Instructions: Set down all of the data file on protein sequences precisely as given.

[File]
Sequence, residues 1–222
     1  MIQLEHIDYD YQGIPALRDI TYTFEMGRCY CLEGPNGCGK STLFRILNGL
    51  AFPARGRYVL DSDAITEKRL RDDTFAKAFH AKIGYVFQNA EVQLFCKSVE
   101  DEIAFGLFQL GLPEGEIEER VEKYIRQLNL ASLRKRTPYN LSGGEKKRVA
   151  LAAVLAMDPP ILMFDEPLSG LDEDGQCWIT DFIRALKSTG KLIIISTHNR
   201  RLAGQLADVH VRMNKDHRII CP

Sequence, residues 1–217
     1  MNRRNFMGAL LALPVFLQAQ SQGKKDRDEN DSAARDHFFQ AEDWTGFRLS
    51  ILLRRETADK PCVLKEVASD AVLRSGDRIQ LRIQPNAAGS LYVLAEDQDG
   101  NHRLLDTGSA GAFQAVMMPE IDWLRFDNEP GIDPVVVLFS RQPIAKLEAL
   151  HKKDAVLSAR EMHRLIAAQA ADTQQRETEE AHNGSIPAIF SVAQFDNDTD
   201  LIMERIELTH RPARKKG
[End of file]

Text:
Sequence, residues 1–222
     1  MIQLEHIDYD YQGIPALRDI TYTFEMGRCY CLEGPNGCGK STLFRILNGL
    51  AFPARGRYVL DSDAITEKRL RDDTFAKAFH AKIGYVFQNA EVQLFCKSVE
   101  DEIAFGLFQL GLPEGEIEER VEKYIRQLNL ASLRKRTPYN LSGGEKKRVA
   151  LAAVLAMDPP ILMFDEPLSG LDEDGQCWIT DFIRALKSTG KLIIISTHNR
   201  RLAGQLADVH VRMNKDHRII CP

Sequence, residues 1–217
     1  MNRRNFMGAL LALPVFLQAQ SQGKKDRDEN DSAARDHFFQ AEDWTGFRLS
    51  ILLRRETADK PCVLKEVASD AVLRSGDRIQ LRIQPNAAGS LYVLAEDQDG
   101  NHRLLDTGSA GAFQAVMMPE IDWLRFDNEP GIDPVVVLFS RQPIAKLEAL
   151  HKKDAVLSAR EMHRLIAAQA ADTQQRETEE AHNGSIPAIF SVAQFDNDTD
   201  LIMERIELTH RPARKKG